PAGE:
There is, however, a problem.
Zoom Judaism is not working.
What Zoom provides is not real community. At the end of the day, digital fellowship is pyrite, also known as fool’s gold.
Zoom meetings and rooms do not fulfill the fundamental needs of Jewish community, which are very much physical in nature. Judaism is a sensual religion, one that is based on our five senses. To be a Jew means to see other human beings and not just images of heads, to listen to them without the option of a mute button, to feel their embrace, to taste their food at communal meals, and to sense the leathery smell of a Torah scroll or the perfume of a beloved Jewish friend.
Don’t get me wrong, I understand that Zoom Judaism was necessary during the height of the pandemic and will continue to be so for some months. I recognize that Zoom has been a lifesaver for the physically challenged and that it has quickly brought about a revolution in Jewish adult education. My concern is that some Jewish leaders believe that the pandemic has given us license to reimagine a largely digital synagogue as a permanent replacement for real, physical Jewish community. This belief is predicated on the idea that Jews will continue to find Zoom Judaism compelling long after the novel coronavirus is finally vanquished.
Jews will not find Zoom Judaism compelling.
To borrow a term from environmentalism, Zoom Judaism is unsustainable. Life is an in-person affair, and Jewish life is all the more. Zoom Judaism under non-emergency conditions will promote the deification of what has been called the “sacred self,” the notion that our own desires for convenience and comfort take precedence over God’s command to be a kingdom of priests and a holy nation.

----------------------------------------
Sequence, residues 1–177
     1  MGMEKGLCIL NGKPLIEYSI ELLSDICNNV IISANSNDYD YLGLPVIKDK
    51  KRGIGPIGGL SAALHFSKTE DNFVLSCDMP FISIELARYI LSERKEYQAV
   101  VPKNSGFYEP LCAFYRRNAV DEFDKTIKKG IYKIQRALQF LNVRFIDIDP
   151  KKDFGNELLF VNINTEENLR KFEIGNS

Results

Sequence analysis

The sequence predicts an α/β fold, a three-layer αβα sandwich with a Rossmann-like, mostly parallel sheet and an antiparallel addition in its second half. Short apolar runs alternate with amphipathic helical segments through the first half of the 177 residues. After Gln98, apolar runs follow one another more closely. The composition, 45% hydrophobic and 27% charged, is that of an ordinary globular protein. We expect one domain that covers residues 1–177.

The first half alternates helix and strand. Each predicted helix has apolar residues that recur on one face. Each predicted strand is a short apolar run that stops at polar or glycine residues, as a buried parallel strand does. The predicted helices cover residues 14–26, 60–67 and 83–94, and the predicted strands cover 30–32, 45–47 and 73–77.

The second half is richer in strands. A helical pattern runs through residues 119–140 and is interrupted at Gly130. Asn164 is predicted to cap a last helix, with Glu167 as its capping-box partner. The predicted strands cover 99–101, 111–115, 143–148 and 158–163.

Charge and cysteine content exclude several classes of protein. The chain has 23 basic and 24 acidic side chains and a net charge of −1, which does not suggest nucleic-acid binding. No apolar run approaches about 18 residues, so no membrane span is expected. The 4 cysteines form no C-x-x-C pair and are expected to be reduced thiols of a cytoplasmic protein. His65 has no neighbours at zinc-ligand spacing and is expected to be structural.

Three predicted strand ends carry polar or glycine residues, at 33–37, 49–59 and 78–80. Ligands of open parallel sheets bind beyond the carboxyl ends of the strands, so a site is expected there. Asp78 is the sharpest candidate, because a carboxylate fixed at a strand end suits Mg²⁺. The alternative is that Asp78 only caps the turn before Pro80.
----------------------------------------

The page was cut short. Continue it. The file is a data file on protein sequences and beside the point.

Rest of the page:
Some have suggested that hybrid services are the answer to this danger. Alas, hybrid services are also an unsustainable solution. It is so easy to log in and, relatively speaking, so hard to actually make one’s way to a brick-and-mortar structure, that most Jews will take the path of least resistance if they take any path at all. This path, however, will merely lead us to an atomized hive of like-minded individuals, not a community. It will do to Judaism what Facebook and Instagram have done to friendship.
Sooner or later, we will have to shut off the public streams and force those who value Jewish community to come back to shul and benefit from the real McCoy. Zoom should be used for the benefit of those who cannot attend otherwise, particularly those who are homebound, hospitalized or live very far from any synagogue.
The good news is that we have been here before. When we lost the Beit Hamikdash in Jerusalem nearly two millennia ago, we lost the physical nexus of the Jewish world, one that served as a hardwire connection to the Holy One. We wisely created a new system that made the synagogue, even in those dark days, the physical home of the Jewish community.
In much the same way, we must double down on the power and potential of synagogues and what they provide: a physical community that nothing else, no matter how technologically advanced, can ever replace.